Media Ethics: Journalism and Social Networking



your tailor I'm really happy for you I'm let you finish but Beyonce had one of the best videos of all time when their best videos are too when Kanye West embarrassed fellow musical artists Taylor Swift at the 2009 Video Music Awards he became the center of media attention Kanye West became a trending topic on Twitter four days after with users cursing the singer for his behavior however they weren't the only ones to offer their commentary about the rapper's actions prior to being interviewed by CNBC President Barack Obama made a supposedly off-the-record comment caught on tape calling the rapper a jackass for his actions ABC reporter Terry Moran then leaked this information on his Twitter page from this his comment began making headlines and was even reported on Sienna is it video okay great thanks this is video of the Prezi United States calling Kanye West of Jackass after Kanye West went out the other day during the MTV Awards and decided that he should be the guy who decides who wins an award over Beyonce it's kind of interesting we want you to listen to it and then we're gonna talk about it with Rowland he seems like perfectly nice person she's getting her award the situation exemplifies an increasingly common ethical dilemma in journalism in a world where individuals every move can be posted on the Internet what should be reported as news at what point does a person's private life become public in order to gauge this we asked a series of questions first what is news news can be separated into three categories right to know need to know and want to know news categorized as right to know information is public information that citizens have legal access to such as health inspection records news categorized as need-to-know information is pertinent news that impacts the lives of the public such as legislation passed by local state or national government research studies and war updates news categorized as want to know information is information of interests as little or no relevance or importance to the public this includes Hollywood gossip and slander our social networking sites legitimate news sources today many journalists and public figures use social networking sites such as Twitter and Facebook to publicize news or news articles in a positive use of social networking to promote journalistic efforts Anderson Cooper of CNN links to articles on cnn.com on his Twitter page however others abused these sites by stating opinions or even spreading gossip was President Obama's common legitimate news the Society of Professional Journalists employs a code of ethics to determine what is legitimate news the preamble to the journalists code of ethics states that members of the Society of Professional Journalists believe that public enlightenment is the forerunner of justice in the foundation of democracy it's a code of ethics states that only an overriding public need can justify intrusion into anyone's privacy the publication of President Obama's off-the-record comment is a clear intrusion into his privacy the code of ethics furthers to demand the journalists show good taste and avoid pandering to lurid curiosity in conclusion President Obama's statement falls into the category of want to know information and is not news according to the journalism code of ethics but if it's not news why is it on the news despite the lack of news worthiness the public continues to flock to entertainment news sources for example Perez Hilton celebrity blog is currently one of the most popular websites in the United States boasting 105 million views per month according to Nielsen in 2008 YouTube was the sixth most popular web site in the United States with 72,000 Plus visitors per month in contrast no web sites affiliated with major print journalism publications or broadcast journalism stations made the list as public demand for celebrity news grows the news producers continues to supply it and a vicious cycle persists this inevitably leads to a decrease in public discourse and political knowledge a poll in 2003 found that more teams were able to identify the three stooges than the three branches of government similarly according to The Associated Press in 2004 more votes were cast in the American Idol finale than the presidential election suffrage is considered a forerunner of democracy what rules are in place to address this journalism social networking crossover is it just a free-for-all of spreading information certain publications such as the National Public Radio and the Washington Post have banned or restricted reporters use of social networking sites on September 25th 2009 The Washington Post released guidelines for the use of social networking sites by journalists among other things the guidelines stressed that reality is simple if you don't want something to be found online don't put it there the post insists that when using these networks nothing they do must call him to question the impartiality of their news judgment they must never abandon the guidelines that govern the separation of news from opinion the importance of fact and objectivity the appropriate use of language and tone and other hallmarks of their brand of journalism this article was in response to several tweets posted by journalists resume our study that blatantly expressed his opinion on topics such as government funding of war versus health care in the condition of Senator Byrd's health now resetti has since deleted his Twitter account the post guidelines further in requiring that post journalists must refrain from writing tweeting or posting anything including photographs or video that could be perceived as reflecting political racial sexist religious or other bias or favoritism that would be used to tarnish our journalistic credibility in contrast other media outlets endorse social networking sites and promote their usage for example ESPN directs viewers and readers to follow reporters on Twitter so who's responsible for the quality of news the producer was a consumer consumers can only know what information is provided to them and assume that they need to know this information it is the duty of formal networks to focus attention on important issues and what the public actually needs to know in order to be aware citizens they shouldn't feed into the public's desire for slander and gossip the news doesn't injustice to the pressing issues of the world by positioning them alongside celebrity gossip a 2003 study sponsored by the National Conference of State Legislatures found that barely half of 15 to 26 year olds agreed that paying attention to government and politics is important to good citizenship and only two thirds considered voting a meaningful Act so what can we do about it in order to preserve the integrity of journalism journalists have to draw a thick line between news and gossip placing them in two completely separate categories and publishing them on separate networks journalists with social networking profiles should only publicize officially reported information such as links to news articles punishments should be more severe for any journalist found pandering to the lured curiosities of the public news reporters whose job it is to seek truth and report it should not be setting forth information that is opinion instead of fact however if used properly social networking sites could successfully promote properly gathered news and benefit the public as a go-between for credible sources instead of merely milling gossip you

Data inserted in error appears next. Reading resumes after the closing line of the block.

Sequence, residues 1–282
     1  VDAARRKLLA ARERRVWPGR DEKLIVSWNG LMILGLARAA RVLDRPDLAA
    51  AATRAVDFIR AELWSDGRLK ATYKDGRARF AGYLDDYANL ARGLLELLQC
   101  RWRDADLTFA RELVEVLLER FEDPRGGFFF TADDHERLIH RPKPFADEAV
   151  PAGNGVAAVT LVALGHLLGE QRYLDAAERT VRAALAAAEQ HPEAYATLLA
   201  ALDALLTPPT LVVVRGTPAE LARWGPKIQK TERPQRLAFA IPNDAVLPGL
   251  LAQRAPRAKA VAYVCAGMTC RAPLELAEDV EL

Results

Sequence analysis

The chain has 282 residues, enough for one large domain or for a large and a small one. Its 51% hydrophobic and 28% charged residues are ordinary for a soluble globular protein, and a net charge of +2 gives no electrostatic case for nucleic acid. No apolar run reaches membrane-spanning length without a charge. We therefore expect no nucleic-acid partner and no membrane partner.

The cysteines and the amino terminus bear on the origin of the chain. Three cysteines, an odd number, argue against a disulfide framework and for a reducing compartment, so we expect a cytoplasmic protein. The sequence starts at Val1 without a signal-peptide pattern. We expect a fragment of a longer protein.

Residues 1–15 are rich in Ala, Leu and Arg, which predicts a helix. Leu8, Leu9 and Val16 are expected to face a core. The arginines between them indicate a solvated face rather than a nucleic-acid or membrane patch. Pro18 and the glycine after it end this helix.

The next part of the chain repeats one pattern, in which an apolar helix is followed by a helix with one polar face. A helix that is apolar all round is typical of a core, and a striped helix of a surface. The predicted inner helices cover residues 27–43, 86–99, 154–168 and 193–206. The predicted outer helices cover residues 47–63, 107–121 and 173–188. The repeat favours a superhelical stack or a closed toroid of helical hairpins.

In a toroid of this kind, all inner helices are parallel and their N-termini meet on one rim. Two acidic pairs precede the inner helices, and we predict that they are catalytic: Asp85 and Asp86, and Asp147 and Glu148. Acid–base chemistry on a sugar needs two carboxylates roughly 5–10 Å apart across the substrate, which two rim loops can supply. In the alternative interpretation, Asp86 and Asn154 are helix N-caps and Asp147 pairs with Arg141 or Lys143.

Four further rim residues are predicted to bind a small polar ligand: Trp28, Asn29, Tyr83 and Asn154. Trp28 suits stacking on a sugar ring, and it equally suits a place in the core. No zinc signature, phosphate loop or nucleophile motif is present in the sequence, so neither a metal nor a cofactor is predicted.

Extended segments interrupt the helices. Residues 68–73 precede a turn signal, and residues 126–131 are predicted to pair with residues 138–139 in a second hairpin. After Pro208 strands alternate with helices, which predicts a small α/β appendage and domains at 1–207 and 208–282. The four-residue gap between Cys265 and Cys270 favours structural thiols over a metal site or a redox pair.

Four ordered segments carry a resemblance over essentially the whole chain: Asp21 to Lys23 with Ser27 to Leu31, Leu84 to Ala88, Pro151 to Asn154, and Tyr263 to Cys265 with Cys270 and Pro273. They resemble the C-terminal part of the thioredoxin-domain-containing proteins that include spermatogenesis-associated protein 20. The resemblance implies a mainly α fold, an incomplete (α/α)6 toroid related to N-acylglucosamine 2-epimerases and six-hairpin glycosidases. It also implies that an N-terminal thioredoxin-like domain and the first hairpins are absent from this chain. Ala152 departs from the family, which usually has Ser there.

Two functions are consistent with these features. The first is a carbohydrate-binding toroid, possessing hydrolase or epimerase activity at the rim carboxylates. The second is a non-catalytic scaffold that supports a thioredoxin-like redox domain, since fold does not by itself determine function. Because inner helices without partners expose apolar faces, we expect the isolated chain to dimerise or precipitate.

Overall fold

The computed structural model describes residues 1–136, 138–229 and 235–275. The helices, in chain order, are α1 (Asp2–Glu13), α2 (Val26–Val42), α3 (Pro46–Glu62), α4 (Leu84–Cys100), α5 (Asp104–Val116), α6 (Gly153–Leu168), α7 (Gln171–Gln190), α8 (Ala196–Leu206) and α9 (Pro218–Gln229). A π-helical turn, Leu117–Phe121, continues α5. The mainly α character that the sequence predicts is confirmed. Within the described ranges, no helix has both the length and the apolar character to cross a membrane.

7 thoughts on “Media Ethics: Journalism and Social Networking

  1. Until now, this video is still catchy. It was uploaded years ago but it still has the ability to affect other people’s choices and views on social networking sites coupled with journalism. This can be very efficient now that even big-time news companies are relying on the Internet for some of their headlines.

  2. Reputable news sources should verify all their content, especially if it is user generated/picked up from social networking sites such as Twitter.

    It's better to focus on responsible journalism than being the 'first' to break a story – in a globalised world that is unlikely anyway. If you can't be first and report as breaking news, in which case facts which are thin on the ground might be more excusable, you should take the time to get the facts right and verify sources before running a story

  3. I liked this video. It definitely puts into focus the disparity between need-to-know knowledge and "convenient" information. I think it's more of a psychological stigma. The human mind tends to avoid that which causes it pain and sadness, and with one click (less effort than it takes to turn a page) that terrible story about some small country out east is replaced by your favorite celebrity's new hairstyle. Perhaps it's simply become too convenient too ignore significant news.

Leave a Reply

Your email address will not be published. Required fields are marked *